What's Your Conflict Style?

The Conflict Style Test for Your Relationship

conflict relationships Sep 26, 2023
relationship conflict style quiz

If you're struggling with conflict in your relationship, you're not alone. All couples face conflicts and disagreements at some point. The key to a healthy and thriving relationship lies in how you handle these conflicts. Understanding your conflict style and that of your partner can make a world of difference in resolving issues and strengthening your bond.

You can take our conflict style quiz here


What are the different types of conflict styles?

The Thomas-Kilman Model of Conflict consists of four quadrants that come out of two axis. The first axis is the assertiveness axis, which represents how much you prioritize your own needs and concerns in a conflict. On one end of the spectrum, you have those who are highly assertive and prioritize their own needs above all else. On the other end, you have those who are less assertive and tend to prioritize the needs of others.

The second axis is the cooperativeness axis, which represents how much you prioritize the needs and concerns of others in a conflict. On one end, you have those who are highly cooperative and are willing to sacrifice their own needs for the sake of others. On the other end, you have those who are less cooperative and prioritize their own needs over the needs of others.

Based on these two axes, the Thomas-Kilman Model identifies five conflict styles:

1. Avoiding: This conflict style involves avoiding or ignoring the conflict altogether. People who use this style often prefer to keep the peace and may feel uncomfortable or anxious when confronted with conflict. While avoiding can temporarily alleviate tension, it may lead to unresolved issues and resentment if not addressed properly.

2. Accommodating: Accommodators prioritize maintaining the relationship and are willing to sacrifice their own needs and desires to please others. They may give in to the other person's demands or opinions, even if it means compromising their own values. While accommodating can be a useful conflict style in certain situations, repeatedly doing so without addressing personal concerns can lead to feelings of being taken advantage of or not being heard.

3. Competing: Competitors adopt a win-lose approach to conflict, focusing on their own needs and desires at the expense of others. They may use aggressive tactics, such as asserting dominance or manipulation, to get their way. While competing can be effective in some situations, it can damage relationships and create a hostile environment if not balanced with cooperation and compromise.

4. Collaborating: Collaborators seek win-win solutions by actively listening, empathizing, and finding mutually beneficial solutions. They prioritize open communication, understanding, and finding common ground. The Collaborating conflict style allows for both parties to express their needs and concerns while working together to find a resolution that satisfies everyone involved. This style can foster trust, and respect, and strengthen the relationship.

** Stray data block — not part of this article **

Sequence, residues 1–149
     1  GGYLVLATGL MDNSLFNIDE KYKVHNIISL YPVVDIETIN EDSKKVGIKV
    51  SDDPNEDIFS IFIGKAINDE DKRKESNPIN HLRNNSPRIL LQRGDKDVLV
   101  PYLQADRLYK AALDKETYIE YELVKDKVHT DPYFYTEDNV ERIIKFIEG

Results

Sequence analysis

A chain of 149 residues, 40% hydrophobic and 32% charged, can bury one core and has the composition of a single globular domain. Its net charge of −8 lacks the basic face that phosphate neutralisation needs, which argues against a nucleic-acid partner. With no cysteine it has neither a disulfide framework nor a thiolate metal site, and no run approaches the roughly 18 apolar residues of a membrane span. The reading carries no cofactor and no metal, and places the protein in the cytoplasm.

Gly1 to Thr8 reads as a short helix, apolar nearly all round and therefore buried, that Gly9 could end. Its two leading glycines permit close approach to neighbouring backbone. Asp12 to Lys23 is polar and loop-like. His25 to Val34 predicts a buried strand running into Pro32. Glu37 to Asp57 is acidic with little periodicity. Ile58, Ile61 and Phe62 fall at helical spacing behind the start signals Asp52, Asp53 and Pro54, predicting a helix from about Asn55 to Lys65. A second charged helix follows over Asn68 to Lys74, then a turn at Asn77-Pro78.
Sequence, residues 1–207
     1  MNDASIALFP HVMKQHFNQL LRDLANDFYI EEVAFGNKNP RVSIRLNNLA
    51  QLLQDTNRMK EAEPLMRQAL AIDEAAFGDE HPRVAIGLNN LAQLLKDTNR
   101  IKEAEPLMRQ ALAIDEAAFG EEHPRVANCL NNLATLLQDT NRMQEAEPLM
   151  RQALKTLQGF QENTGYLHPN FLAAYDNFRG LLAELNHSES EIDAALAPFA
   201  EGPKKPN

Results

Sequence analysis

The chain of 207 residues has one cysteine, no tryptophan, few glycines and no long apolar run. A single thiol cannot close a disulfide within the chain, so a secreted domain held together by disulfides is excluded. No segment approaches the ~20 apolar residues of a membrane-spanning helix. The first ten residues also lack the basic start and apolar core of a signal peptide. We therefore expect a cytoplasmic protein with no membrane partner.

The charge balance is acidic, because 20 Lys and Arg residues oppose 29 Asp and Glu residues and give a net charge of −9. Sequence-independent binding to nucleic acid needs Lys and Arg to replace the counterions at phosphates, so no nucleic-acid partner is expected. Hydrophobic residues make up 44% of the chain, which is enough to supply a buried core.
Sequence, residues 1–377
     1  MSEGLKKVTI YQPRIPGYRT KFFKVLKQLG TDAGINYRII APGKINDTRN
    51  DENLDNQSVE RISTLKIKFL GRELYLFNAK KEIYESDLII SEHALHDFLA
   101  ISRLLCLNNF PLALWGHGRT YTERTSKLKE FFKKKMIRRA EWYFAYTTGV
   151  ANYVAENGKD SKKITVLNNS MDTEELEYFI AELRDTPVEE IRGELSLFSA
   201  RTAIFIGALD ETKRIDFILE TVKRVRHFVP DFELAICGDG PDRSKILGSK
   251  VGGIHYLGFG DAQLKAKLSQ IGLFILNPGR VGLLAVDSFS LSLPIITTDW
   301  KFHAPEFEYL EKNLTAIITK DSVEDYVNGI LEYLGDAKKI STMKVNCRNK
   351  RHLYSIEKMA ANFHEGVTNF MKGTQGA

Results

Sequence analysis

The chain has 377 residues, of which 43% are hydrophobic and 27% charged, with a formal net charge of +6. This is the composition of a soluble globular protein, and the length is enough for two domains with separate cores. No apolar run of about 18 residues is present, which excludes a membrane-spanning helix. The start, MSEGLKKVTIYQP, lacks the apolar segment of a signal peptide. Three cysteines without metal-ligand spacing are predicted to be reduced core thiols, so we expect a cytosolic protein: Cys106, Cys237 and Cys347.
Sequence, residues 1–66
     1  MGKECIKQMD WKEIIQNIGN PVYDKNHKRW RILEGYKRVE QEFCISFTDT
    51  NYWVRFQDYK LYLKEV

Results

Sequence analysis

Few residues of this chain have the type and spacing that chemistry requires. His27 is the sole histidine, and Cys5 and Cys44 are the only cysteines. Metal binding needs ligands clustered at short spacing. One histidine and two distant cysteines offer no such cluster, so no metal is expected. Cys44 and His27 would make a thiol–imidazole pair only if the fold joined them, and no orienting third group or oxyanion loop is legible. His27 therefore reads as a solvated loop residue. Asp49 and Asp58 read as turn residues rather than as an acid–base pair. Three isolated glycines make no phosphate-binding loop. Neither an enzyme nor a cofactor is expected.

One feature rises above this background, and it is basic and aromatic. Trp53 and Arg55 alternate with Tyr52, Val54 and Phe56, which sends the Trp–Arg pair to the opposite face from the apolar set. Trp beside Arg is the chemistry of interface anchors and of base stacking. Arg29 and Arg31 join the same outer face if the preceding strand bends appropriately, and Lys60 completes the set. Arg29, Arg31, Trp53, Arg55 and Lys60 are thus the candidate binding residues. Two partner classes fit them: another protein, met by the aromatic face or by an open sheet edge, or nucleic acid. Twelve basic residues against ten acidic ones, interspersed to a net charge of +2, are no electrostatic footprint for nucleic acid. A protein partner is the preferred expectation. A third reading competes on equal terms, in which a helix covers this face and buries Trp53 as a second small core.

5. Compromising: Compromisers aim to find a middle ground by both parties making concessions. They are willing to give up some of their own needs and desires in order to reach a resolution. Compromising can be a practical conflict style when time is limited or when the issue at hand is not of high importance. However, relying too heavily on compromising without addressing underlying concerns can lead to unresolved issues and future conflicts.



What is the purpose of a Conflict style test?

Conflict style tests and assessments serve the purpose of helping individuals gain a better understanding of their personal approach to conflict and how it may impact their relationships. A test or a quiz assess various conflict styles and provides valuable insights into one's natural tendencies and preferences when it comes to dealing with disagreements or conflicts.

The primary purpose of a conflict style test is to promote self-awareness and improve communication skills. By identifying and understanding our preferred conflict resolution style, we can become more conscious of our own behavior during conflicts and better equipped to navigate and resolve them effectively.

Furthermore, conflict style tests can help individuals recognize and appreciate the diversity of conflict resolution approaches. Different people have different ways of handling conflicts, and being aware of these differences can foster empathy, understanding, and empathy in relationships.

Additionally, conflict-style tests can highlight areas for personal growth and development. They can reveal any ineffective or destructive patterns of behavior that may be hindering the resolution of conflicts. Armed with this knowledge, individuals can then work towards adopting more constructive and productive conflict resolution strategies.

Ultimately, the purpose of a conflict style test is to empower individuals to enhance the quality of their connections and improve their relationships. By gaining insights into their own conflict resolution style, individuals can develop the necessary skills and strategies to navigate conflicts in a healthier and more satisfying manner, leading to stronger and more fulfilling relationships overall.

How Does A Conflict Style Quiz Help.

A conflict-style quiz will assess you along the two scales of the TKI and give you a score that puts you in one of the quadrants. This is educational and helpful for an analysis of how you handle conflict and what skilsl you need to improve conflict management.

If you want to learn more, please check out the Conflict Compass an online course from My People Patterns that will help you understand and unpack relationship dynamics from a family systems perspective.








The Coulse Therapy West Hollywood Institute for Relationships

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